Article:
outrageous

Excessive vs Outrageous - What's the difference?

excessive | outrageous | Related terms |

Excessive is a related term of outrageous.


As adjectives the difference between excessive and outrageous

is that excessive is exceeding the usual bounds of something; extravagant; immoderate while outrageous is cruel, violating morality or decency; provoking indignation or affront.

Outrageous vs Ghastly - What's the difference?

outrageous | ghastly | Related terms |

Outrageous is a related term of ghastly.


As adjectives the difference between outrageous and ghastly

is that outrageous is cruel, violating morality or decency; provoking indignation or affront while ghastly is like a ghost in appearance; deathlike; pale; pallid; dismal.

As an adverb ghastly is

in a ghastly manner.

Outrageous vs Foolish - What's the difference?

outrageous | foolish | Related terms |

Outrageous is a related term of foolish.


As adjectives the difference between outrageous and foolish

is that outrageous is cruel, violating morality or decency; provoking indignation or affront while foolish is lacking good sense or judgement; unwise.

Outrageous vs Haughty - What's the difference?

outrageous | haughty | Related terms |

Outrageous is a related term of haughty.


As adjectives the difference between outrageous and haughty

is that outrageous is cruel, violating morality or decency; provoking indignation or affront while haughty is conveying in demeanour the assumption of superiority; disdainful, supercilious.

Outrageous vs Depraved - What's the difference?

outrageous | depraved | Related terms |

Outrageous is a related term of depraved.


As adjectives the difference between outrageous and depraved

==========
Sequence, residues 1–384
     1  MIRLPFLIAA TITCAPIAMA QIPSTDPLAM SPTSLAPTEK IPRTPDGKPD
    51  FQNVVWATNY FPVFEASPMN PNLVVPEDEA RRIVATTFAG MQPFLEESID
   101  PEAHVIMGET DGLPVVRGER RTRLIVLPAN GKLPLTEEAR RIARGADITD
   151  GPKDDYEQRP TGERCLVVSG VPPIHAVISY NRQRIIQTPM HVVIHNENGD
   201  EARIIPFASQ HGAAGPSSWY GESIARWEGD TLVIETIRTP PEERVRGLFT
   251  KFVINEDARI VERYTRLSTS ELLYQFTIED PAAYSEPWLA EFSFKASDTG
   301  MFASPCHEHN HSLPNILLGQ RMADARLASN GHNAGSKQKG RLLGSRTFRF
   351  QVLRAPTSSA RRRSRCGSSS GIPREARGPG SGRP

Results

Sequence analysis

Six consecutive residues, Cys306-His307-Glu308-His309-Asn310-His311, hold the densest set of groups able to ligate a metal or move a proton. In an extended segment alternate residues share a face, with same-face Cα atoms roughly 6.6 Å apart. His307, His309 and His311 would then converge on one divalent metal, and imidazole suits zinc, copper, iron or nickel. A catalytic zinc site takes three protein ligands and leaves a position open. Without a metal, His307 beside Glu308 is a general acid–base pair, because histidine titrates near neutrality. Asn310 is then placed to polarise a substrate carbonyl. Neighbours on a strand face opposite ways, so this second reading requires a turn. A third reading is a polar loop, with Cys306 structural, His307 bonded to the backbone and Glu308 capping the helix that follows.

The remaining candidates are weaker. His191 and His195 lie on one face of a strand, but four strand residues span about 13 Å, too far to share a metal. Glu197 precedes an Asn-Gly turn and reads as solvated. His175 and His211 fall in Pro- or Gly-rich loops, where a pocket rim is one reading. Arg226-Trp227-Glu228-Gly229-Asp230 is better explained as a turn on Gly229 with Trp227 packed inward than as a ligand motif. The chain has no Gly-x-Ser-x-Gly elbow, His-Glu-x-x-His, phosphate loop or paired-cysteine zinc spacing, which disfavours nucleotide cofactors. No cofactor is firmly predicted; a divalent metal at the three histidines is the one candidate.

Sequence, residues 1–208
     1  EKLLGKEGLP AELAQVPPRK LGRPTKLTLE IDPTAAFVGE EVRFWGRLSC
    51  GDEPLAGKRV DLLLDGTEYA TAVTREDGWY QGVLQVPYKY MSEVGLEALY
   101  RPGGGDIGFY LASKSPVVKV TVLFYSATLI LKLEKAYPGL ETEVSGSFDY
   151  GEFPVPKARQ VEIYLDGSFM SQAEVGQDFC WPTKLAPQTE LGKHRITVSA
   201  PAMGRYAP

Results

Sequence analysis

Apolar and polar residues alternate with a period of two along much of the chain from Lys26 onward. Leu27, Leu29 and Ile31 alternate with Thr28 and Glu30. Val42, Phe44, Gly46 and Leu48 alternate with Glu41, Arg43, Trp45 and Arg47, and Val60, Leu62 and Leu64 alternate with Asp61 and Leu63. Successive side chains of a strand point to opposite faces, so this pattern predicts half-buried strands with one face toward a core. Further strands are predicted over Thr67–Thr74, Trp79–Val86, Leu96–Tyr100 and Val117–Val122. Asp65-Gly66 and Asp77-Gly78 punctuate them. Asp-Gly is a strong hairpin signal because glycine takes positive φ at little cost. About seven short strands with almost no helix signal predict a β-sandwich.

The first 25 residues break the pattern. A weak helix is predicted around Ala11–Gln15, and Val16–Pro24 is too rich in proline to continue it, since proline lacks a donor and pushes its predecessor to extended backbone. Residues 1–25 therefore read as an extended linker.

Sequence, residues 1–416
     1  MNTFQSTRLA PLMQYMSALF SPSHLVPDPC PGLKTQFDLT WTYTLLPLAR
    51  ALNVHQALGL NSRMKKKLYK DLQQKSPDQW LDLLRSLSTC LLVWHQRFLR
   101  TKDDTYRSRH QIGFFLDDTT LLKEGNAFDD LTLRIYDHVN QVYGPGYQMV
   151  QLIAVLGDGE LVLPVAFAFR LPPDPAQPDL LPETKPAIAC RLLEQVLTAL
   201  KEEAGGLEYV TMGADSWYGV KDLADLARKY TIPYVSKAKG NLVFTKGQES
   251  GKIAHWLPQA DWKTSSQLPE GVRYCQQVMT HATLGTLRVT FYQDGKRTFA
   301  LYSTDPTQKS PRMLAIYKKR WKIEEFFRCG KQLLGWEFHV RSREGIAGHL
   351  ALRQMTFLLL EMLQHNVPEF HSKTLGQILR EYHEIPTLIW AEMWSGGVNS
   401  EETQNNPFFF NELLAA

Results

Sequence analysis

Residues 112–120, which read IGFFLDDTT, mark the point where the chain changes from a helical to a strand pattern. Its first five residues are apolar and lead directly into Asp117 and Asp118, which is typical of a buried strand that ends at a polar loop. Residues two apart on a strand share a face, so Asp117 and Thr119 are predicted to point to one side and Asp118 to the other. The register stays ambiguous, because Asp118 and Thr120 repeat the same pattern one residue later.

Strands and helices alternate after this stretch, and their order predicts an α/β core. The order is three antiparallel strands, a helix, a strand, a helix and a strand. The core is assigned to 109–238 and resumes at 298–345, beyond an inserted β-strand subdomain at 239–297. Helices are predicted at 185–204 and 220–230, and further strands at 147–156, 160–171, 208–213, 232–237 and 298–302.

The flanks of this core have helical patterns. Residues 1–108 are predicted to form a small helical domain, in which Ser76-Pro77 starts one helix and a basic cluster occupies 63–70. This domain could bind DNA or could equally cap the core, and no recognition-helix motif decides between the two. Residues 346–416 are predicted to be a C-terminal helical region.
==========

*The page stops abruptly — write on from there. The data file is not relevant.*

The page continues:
is that outrageous is cruel, violating morality or decency; provoking indignation or affront while depraved is perverted or extremely wrong in a moral sense.

As a verb depraved is

(deprave).

Unmannerly vs Outrageous - What's the difference?

unmannerly | outrageous | Related terms |

Unmannerly is a related term of outrageous.


As adjectives the difference between unmannerly and outrageous

is that unmannerly is not mannerly while outrageous is cruel, violating morality or decency; provoking indignation or affront.

As an adverb unmannerly

is in a way that is not mannerly.

Outrageous vs Wicked - What's the difference?

outrageous | wicked | Related terms |

Outrageous is a related term of wicked.


As adjectives the difference between outrageous and wicked

is that outrageous is cruel, violating morality or decency; provoking indignation or affront while wicked is evil or mischievous by nature or wicked can be having a wick.

As an adverb wicked is

(slang|new england|british) very, extremely.

As a noun wicked is

people who are wickedoxford dictionary [http://wwwoxfordadvancedlearnersdictionarycom/dictionary/wicked_2].

As a verb wicked is

(wick).

Deplorable vs Outrageous - What's the difference?

deplorable | outrageous | Related terms |

Deplorable is a related term of outrageous.


As adjectives the difference between deplorable and outrageous

is that deplorable is lamentable, regrettable while outrageous is cruel, violating morality or decency; provoking indignation or affront.

Outrageous vs Ludicrous - What's the difference?

outrageous | ludicrous | Related terms |

Outrageous is a related term of ludicrous.


As adjectives the difference between outrageous and ludicrous

is that outrageous is cruel, violating morality or decency; provoking indignation or affront while ludicrous is idiotic or unthinkable, often to the point of being funny.

Barbarous vs Outrageous - What's the difference?

barbarous | outrageous | Synonyms |

Barbarous is a synonym of outrageous.


As adjectives the difference between barbarous and outrageous

is that barbarous is not classical or pure while outrageous is cruel, violating morality or decency; provoking indignation or affront.

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